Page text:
waterford rape and sexual abuse centre



Medical/Legal Information

If you have been raped or sexually assaulted, you need to see a doctor as soon as possible, whether or not you decide to report to the Gardaí.  This is essential from the point of view of your personal health, and for forensic examination if you decide to report the crime.

Personal Health
Sexual assault or rape may produce bruising, tearing or lacerations.  The injuries may be internal, in the vagina or anus and need skilled medical help.  Sexual assault may cause a sexually transmitted infection.  You need to be tested so that the appropriate treatment can be prescribed.

Forensic Evidence

If you decide to report rape to the Gardaí, you will be asked to undergo a medical examination to collect forensic evidence, which will be used to support your case.  The Gardaí will bring you to the Sexual Assault Treatment Unit in Waterford Regional Hospital for the examination.  As well as the doctor and nurse, a trained volunteer from our Centre will be there to offer you support.  While in the Unit your related medical needs will be attended to, including emergency contraception, and an appointment will be arranged for follow-up STI screening.

You should not wash or shower before seeing a doctor, as this could destroy evidence.  You should also keep the clothes you were wearing when you were attacked.

Even if you decide not to report to the Gardaí you can contact the Sexual Assault Treatment Unit (051 842157) and they will arrange for you to see a sympathetic GP.

Sexual Offences A sexual offence is a serious crime and conviction may carry a heavy prison sentence for the offender.  At present there are four categories of sexual offence: Rape, Rape under Section 4, Aggravated Sexual Assault and Sexual Assault.

Rape, Rape under Section 4 and Aggravated Sexual Assault carry a maximum penalty of life imprisonment.  Sexual assault carries a maximum penalty of five years.

Since 1991 a husband may be charged with a sexual offence against his wife.


Reporting a sexual offence to the Gardaí

If you have been sexually assaulted or raped, and decide to report the crime, you should contact your local Garda station.  The Gardaí will interview you briefly to find out exactly what happened.  Usually, you will be offered the option of being interviewed by a female Garda. You may be asked to make a more detailed statement as soon as possible after the forensic examination. The type of questions the Gardaí will ask will include the identity of the assailant, if you know him; a description of the assailant; where and when the incident happened; what precisely was done to you; the circumstances of the assault and if there were any witnesses.  When finished making the statement you will be asked to sign it.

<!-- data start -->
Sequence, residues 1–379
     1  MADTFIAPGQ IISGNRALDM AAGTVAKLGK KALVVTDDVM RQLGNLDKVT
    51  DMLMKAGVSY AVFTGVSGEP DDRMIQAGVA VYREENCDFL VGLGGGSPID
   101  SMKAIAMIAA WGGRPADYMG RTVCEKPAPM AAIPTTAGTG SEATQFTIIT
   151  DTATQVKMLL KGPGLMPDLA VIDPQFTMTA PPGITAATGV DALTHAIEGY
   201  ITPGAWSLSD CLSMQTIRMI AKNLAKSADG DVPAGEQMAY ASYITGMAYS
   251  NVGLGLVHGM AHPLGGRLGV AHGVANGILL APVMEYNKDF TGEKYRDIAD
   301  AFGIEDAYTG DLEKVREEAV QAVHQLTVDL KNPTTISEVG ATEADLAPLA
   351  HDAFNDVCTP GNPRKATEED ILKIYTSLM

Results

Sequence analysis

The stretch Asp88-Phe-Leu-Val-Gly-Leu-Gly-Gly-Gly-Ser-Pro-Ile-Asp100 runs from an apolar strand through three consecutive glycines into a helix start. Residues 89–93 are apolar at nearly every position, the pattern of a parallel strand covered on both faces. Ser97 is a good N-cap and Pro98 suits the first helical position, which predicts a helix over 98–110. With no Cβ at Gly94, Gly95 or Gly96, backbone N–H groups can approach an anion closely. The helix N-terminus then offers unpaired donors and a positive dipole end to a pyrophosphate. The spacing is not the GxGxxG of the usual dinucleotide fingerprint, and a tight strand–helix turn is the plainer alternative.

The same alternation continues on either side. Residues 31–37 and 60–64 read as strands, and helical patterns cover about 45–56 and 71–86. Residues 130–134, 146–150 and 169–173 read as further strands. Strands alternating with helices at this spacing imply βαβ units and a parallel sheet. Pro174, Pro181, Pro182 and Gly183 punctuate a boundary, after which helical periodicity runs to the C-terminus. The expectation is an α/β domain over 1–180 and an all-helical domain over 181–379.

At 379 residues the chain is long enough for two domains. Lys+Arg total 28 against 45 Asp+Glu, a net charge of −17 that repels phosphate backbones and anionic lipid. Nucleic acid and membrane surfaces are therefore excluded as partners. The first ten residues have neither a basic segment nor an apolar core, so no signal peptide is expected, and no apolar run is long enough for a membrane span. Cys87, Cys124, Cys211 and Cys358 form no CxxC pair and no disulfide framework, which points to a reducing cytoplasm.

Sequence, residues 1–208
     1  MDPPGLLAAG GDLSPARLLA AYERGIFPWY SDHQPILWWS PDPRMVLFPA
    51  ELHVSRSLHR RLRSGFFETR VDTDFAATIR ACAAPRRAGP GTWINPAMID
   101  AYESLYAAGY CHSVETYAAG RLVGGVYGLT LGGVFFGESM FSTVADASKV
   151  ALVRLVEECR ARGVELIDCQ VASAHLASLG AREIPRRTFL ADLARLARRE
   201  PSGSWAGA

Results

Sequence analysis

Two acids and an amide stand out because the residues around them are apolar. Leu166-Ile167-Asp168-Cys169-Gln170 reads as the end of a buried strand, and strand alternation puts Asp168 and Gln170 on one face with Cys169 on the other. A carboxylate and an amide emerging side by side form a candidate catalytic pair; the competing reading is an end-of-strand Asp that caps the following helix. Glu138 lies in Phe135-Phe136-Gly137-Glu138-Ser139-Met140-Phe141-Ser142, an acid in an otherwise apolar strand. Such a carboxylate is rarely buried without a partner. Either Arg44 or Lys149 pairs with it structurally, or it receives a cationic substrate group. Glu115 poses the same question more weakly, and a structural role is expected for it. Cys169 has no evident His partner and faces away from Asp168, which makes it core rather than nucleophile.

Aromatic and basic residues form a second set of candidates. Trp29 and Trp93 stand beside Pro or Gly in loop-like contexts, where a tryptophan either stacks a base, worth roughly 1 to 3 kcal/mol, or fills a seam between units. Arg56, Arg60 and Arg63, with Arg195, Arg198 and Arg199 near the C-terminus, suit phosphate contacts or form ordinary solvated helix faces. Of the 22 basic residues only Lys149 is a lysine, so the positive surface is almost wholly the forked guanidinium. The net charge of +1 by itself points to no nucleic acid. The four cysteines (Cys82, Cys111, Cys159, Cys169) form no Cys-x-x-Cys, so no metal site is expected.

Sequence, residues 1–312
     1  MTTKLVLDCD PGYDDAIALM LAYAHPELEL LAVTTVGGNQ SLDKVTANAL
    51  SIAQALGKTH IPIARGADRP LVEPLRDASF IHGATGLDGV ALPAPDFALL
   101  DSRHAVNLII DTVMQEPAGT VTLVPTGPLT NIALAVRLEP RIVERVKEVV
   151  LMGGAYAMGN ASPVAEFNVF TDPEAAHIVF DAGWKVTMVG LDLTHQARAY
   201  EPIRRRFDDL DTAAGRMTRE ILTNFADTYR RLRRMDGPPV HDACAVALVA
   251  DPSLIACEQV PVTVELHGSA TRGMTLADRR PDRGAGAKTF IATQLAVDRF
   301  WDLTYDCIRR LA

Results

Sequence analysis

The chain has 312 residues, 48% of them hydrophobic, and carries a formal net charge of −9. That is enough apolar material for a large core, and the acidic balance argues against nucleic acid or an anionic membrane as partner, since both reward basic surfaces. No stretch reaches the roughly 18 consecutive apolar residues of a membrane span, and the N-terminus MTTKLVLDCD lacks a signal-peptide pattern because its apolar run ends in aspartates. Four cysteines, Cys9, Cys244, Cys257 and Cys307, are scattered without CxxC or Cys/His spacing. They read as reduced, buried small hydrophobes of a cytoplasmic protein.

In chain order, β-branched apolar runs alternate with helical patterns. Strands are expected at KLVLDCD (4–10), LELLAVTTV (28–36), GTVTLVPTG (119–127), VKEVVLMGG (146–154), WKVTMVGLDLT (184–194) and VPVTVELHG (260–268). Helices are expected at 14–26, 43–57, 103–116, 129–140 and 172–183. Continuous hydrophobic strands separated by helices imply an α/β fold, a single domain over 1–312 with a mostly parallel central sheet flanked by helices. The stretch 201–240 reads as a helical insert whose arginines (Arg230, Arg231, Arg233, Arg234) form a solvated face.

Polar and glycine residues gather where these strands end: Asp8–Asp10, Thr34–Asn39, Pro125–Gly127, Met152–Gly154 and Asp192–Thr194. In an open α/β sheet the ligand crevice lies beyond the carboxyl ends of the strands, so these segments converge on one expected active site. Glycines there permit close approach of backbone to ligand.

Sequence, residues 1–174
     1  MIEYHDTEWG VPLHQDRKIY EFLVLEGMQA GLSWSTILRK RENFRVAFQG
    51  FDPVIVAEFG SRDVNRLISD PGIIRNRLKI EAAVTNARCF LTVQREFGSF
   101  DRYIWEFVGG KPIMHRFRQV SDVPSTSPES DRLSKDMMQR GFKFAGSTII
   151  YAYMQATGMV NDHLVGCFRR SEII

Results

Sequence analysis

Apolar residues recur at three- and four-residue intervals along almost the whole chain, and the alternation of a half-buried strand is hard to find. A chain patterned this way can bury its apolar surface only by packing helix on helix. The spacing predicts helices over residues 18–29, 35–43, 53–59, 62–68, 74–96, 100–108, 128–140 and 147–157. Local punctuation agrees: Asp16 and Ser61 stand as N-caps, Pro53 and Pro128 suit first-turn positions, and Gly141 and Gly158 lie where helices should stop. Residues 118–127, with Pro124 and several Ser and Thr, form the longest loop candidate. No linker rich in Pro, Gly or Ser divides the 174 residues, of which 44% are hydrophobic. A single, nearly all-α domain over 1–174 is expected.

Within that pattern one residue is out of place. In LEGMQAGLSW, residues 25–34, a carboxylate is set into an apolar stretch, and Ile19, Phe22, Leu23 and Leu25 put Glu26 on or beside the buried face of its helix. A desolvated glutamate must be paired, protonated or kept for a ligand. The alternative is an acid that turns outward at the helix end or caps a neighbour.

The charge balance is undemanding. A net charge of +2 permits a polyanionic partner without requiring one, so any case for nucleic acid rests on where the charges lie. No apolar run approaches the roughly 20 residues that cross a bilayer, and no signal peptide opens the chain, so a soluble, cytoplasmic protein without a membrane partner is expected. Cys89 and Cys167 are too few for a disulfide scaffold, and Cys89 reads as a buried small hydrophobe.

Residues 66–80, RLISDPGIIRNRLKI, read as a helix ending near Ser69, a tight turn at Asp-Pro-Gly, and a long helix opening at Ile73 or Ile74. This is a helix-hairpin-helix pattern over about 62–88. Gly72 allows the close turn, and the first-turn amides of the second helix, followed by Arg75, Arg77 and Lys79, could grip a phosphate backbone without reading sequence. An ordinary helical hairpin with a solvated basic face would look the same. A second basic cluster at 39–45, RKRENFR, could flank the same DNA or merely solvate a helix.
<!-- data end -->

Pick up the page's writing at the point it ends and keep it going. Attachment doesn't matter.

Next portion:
While it can be distressing and embarrassing to speak about your experiences, the Gardaí have to get as detailed a statement as possible, in order to build up a case.  If you remember other details about the assault at a later stage you can contact the Gardaí to make a supplementary statement.  You are entitled to a copy of your statement and should ask the Gardaí for a copy of same.

The Gardaí will prepare a Book of Evidence, comprising of the accused’s statement, your statement, any corroborating statements and any forensic evidence which has been collected during the forensic examination or at the scene of the attack.  This is sent to the Director of Public Prosecutions (DPP), who will decide if there is sufficient evidence to proceed with the case.

Because rape and sexual assault are criminal offences the State prosecutes the accused assailant and you are simply a witness for the prosecution.

It is entirely your choice whether or not to report to the Gardaí – we will support you whatever your decision.

© Martin Quigley

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